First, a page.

That exact scenario played out this semester when the Pitzer College Council voted to suspend the school’s study-abroad exchange with the University of Haifa. If you were a Pitzer alum, how would you react?
The marginalization of Jewish students and the delegitimization of Israel on campuses nationwide have alumni searching for answers on how to counter the surge of bigotry at their alma maters. Some of the most recent incidents include antisemitic flyers and posters at UC Santa Barbara and the University of North Carolina; New York University honoring Students for Justice in Palestine (SJP), a group with a long history of antisemitism; and Jewish students at Emory University waking up to eviction notices on their doors.
This is why Alums for Campus Fairness (ACF) is galvanizing alumni like never before to tackle the unprecedented challenges facing Jewish and Zionist students and faculty. Until now, no organization has harnessed the untapped power of alumni to defend campus communities from discrimination. We are taking alumni off the sidelines, mobilizing them across the country to speak out about antisemitism at their alma maters.
Rather than viewing themselves as powerless or voiceless while current events unfold on campus, alumni can become the missing piece in countering bigotry, bringing years of practical and professional experience to the table.
Naturally, alumni have a vested interest in a variety of outcomes for their schools. But going beyond an institution’s academic reputation or the success of its sports teams, many alumni care deeply about their alma mater’s campus climate. After all, that was the very environment where they experienced their own transformative journeys.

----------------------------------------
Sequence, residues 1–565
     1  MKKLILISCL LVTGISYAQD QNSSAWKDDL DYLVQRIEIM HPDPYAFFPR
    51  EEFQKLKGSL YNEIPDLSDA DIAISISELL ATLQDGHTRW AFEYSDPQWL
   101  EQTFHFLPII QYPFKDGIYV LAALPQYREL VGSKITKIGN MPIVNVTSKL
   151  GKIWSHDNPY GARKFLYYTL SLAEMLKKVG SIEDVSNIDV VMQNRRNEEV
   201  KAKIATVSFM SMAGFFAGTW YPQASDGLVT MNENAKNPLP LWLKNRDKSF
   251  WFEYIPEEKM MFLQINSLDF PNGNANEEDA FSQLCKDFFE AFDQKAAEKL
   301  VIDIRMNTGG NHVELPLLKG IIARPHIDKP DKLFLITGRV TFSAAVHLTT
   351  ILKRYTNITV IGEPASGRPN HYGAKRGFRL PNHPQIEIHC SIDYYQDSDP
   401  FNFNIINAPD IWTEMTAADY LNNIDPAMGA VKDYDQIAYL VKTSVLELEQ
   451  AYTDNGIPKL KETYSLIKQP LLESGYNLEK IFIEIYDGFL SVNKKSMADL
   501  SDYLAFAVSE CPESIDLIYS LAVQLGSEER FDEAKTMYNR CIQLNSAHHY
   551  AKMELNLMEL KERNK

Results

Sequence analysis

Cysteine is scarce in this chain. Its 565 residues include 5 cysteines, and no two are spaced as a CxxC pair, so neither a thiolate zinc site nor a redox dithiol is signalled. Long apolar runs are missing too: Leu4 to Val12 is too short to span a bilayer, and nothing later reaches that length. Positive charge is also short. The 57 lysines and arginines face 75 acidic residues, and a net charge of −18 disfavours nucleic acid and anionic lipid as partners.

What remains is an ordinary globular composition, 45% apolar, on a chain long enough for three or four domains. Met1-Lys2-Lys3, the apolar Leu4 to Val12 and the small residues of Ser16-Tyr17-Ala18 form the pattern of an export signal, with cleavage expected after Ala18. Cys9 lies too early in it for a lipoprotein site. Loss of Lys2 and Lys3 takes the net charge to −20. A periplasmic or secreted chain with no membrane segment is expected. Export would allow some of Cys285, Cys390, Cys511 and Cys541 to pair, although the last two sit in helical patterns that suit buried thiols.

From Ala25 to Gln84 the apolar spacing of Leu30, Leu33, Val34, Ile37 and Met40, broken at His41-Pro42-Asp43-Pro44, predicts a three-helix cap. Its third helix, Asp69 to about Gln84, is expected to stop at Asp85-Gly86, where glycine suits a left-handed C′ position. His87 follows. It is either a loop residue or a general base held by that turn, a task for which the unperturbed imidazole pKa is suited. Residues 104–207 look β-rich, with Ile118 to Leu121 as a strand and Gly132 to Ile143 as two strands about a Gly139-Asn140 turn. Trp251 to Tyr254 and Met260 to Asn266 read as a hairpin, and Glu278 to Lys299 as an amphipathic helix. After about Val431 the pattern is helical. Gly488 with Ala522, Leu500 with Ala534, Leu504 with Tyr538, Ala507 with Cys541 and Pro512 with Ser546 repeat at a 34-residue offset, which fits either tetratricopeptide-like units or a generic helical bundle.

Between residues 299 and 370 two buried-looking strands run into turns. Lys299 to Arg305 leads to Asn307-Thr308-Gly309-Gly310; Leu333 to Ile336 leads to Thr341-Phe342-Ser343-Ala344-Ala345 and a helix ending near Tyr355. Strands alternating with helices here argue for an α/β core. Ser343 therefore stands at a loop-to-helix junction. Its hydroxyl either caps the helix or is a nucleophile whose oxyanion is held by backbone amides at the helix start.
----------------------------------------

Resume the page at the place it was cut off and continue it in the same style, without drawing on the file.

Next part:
Universities should be pillars of truth, academic freedom, and open discourse. Alums for Campus Fairness holds university administration accountable to these values, which should not be compromised for any group, including Jewish students and their allies.
ACF puts the unique asset of alumni into action by equipping them with information through webinars, social media platforms, and regular news updates. That empowers alumni to start petitions, publish op-eds, pen open letters to administrations, and spearhead closed-door meetings with university leaders.
This momentum isn’t achieved overnight. We continuously amplify the voices of alumni from these universities and work proactively with administrators to avert discrimination against students and faculty who support Israel.
When Syracuse University offered academic credit to students who interned with the openly anti-Israel Syracuse Peace Council (SPC), ACF launched a petition calling for change from Syracuse. The school’s provost condemned SPC’s history of antisemitism.
When SJP held its national conference at UCLA and openly called for the destruction of Zionism, ACF, working with partners on the ground, brought this event to the attention of the administration. While working with Hillel, Students Support Israel, StandWithUs, and others, we helped create a safe environment for students and faculty through positive programming.
And when University of Michigan instructors refused to write letters of recommendation for Israel-bound students, ACF mobilized more than 400 alumni to contact the administration, write op-eds, and circulate petitions. Subsequently, the university sanctioned one of the instructors and established a faculty-led panel to examine future incidents.
As Jewish and Zionist students and faculty continue to confront challenges, the campus climate will remain a prominent concern for alumni. We are primed and ready to respond. Join us and make a difference at your alma mater.
Avi D. Gordon is the executive director of Alums for Campus Fairness (ACF).